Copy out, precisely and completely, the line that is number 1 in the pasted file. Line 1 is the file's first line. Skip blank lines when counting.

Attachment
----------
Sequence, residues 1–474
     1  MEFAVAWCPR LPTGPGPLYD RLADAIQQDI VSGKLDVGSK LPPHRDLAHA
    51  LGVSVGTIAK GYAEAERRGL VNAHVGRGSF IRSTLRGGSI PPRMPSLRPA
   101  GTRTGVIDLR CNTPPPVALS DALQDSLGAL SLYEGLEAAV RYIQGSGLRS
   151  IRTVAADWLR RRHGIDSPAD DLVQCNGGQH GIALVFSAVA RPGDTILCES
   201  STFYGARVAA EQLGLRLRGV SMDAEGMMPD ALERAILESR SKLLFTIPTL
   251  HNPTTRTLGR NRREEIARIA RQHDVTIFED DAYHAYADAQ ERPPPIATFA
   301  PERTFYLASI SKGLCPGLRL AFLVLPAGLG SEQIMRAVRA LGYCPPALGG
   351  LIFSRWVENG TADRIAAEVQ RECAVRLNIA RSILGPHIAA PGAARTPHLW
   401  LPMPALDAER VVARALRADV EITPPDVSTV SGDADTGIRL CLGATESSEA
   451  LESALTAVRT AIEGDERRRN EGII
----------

Sequence, residues 1–474